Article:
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  Abstract During the pre-maturation period crowded males of Schistocerca gregaria are more active than isolated ones but the greater part of their extra activity is not locomotory but consists of the kicking movements made in response to contact with other locusts. Isolated males walk less often during this period but tend to jump (or fly) more than crowded ones. Activity increases with maturity and the increase is greater in the isolated males so that in spite of the absence of mechanical stimulation by other locusts their locomotor activity is now at least as great as that of the crowded ones and their jumping activity greater. Within one batch there is a tendency for those males which are most active during the first two weeks of adult life to mature earliest. The activity of young males crowded with fledglings is at first similar to that of males crowded with older locusts, but after the first two weeks the activity of both mature and immature males is depressed by crowding with fledglings. Mature males habitually isolated become less active when temporarily crowded with fledglings, but not when crowded with mature males. Mature and immature males habitually crowded with fledglings become more active when temporarily isolated and still more active when crowded with each other, or with other mature males. The inhibiting effect of the fledglings on maturation and their depressive effect on activity should in natural conditions promote synchronization of maturation and the cohesion of the group. There was little difference in activity between young males kept in single pairs and in isolation, except that in one experiment the isolated ones jumped more often. Young males kept in pairs with mature males are more active during the first week of adult life than those kept in pairs with each other. The males paired with mature males were also seen feeding much less often than those paired with each other. This was the only treatment in which a significant effect on the frequency of feeding was recorded. The femoral vibrations made by both mature and immature males in response to stimulation by mature males, occur less often in habitually crowded males than in those temporarily crowded or kept with one mature male only. This is presumably the result of habituation to the stimulus. The behaviour of wild Schistocerca males in a large outdoor cage was very similar to that of a low density laboratory group. All results suggest that there is an association between high activity and rapid maturation. This is compatible with the conclusion from earlier work that a low level of feeding is associated with rapid maturation.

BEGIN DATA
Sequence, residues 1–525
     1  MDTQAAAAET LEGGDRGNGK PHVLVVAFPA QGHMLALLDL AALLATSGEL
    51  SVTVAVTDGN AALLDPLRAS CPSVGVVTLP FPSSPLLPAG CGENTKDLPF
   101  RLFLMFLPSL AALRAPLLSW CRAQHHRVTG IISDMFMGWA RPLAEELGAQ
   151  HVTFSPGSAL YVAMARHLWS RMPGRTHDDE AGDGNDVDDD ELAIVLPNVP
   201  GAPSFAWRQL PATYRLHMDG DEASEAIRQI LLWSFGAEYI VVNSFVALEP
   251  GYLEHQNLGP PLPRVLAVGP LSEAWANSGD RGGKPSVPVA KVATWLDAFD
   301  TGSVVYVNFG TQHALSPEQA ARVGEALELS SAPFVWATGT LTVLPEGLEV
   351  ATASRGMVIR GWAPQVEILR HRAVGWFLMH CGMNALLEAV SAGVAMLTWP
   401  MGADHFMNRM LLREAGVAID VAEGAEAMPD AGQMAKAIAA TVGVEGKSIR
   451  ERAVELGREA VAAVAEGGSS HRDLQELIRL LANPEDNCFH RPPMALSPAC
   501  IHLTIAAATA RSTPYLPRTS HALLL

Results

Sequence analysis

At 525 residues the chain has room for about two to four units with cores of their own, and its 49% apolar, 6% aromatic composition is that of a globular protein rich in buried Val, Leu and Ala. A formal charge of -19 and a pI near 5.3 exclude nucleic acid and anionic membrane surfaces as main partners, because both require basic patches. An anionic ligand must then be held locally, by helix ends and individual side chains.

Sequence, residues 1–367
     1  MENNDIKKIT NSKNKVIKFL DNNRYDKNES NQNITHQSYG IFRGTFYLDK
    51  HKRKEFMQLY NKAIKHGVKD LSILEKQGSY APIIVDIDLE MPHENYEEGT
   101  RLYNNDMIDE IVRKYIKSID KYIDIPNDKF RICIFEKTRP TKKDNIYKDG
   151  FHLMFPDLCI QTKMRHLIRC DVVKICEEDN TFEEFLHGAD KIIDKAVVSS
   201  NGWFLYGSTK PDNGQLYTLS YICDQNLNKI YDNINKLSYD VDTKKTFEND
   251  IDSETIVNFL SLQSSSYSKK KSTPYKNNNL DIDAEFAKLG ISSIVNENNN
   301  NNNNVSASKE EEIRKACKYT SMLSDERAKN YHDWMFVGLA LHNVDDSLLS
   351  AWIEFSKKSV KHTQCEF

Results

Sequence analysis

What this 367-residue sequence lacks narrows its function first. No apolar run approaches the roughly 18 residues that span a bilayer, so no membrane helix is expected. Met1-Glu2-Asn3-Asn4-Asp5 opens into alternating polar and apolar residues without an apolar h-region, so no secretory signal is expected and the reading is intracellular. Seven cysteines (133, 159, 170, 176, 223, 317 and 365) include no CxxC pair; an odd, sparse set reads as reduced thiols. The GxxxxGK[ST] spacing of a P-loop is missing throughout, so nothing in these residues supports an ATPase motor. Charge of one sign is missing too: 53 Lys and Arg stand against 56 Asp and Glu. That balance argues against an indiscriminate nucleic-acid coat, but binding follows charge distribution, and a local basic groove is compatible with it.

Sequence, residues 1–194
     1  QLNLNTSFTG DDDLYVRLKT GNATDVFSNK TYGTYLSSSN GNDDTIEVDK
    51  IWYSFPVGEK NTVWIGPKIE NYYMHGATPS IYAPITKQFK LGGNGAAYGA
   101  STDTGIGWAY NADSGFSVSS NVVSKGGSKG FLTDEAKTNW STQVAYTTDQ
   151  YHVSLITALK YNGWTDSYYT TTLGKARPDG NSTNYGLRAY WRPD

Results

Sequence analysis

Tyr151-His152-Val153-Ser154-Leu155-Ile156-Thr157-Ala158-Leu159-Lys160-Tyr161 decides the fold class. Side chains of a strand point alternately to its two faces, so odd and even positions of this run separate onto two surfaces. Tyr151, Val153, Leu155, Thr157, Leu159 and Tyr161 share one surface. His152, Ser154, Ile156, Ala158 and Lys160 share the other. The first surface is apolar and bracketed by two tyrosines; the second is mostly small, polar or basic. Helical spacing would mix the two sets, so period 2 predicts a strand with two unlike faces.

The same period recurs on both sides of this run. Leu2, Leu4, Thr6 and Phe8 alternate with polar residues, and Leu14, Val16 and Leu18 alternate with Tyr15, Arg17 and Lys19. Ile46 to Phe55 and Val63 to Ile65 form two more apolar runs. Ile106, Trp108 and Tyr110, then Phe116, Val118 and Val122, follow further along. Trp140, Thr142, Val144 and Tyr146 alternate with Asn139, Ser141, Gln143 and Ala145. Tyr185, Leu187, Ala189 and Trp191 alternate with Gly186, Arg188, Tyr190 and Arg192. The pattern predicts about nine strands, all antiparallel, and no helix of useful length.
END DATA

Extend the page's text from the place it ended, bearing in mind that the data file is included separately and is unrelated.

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  Call Number Serial 2158  
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Author Khalil, A.M.; Kaseda, Y. url  openurl
  Title Behavioral patterns and proximate reason of young male separation in Misaki feral horses Type Journal Article
  Year 1997 Publication Applied Animal Behaviour Science Abbreviated Journal Appl. Anim. Behav. Sci.  
  Volume 54 Issue 4 Pages 281-289  
  Keywords Misaki feral horse; Horse maternal-filial bond; Social behavior; Separation season; Separation reason  
  Abstract The present investigation was undertaken to study the proximate reasons why and the behavioral patterns of young male Misaki feral horses when they left their natal band or mothers. We observed a total of ten young males twice a month from January 1988 to December 1995. Almost all young males left their natal band or mothers at between 1 and 4 years of age. We found that, during the separation process, all the young males from first parity dams returned several times after the initial separation, indicating a strong attachment between primiparous mares and their male offspring. The other five separated only once without rejoining. Our observations showed five variable behavior patterns of young males at separation time, depending on the consort relation between their mothers and harem stallion and the reason for separation at that time. Eight young males separated in the non-breeding season at average 2.1 years and the other two separated in the breeding season at average 3 years and the average difference was not significant. These results revealed that 80% of the young males separated voluntarily when the natural resources become poor whereas 20% separated when their siblings were born.  
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  Notes (up) Approved no  
  Call Number Equine Behaviour @ team @ Serial 2209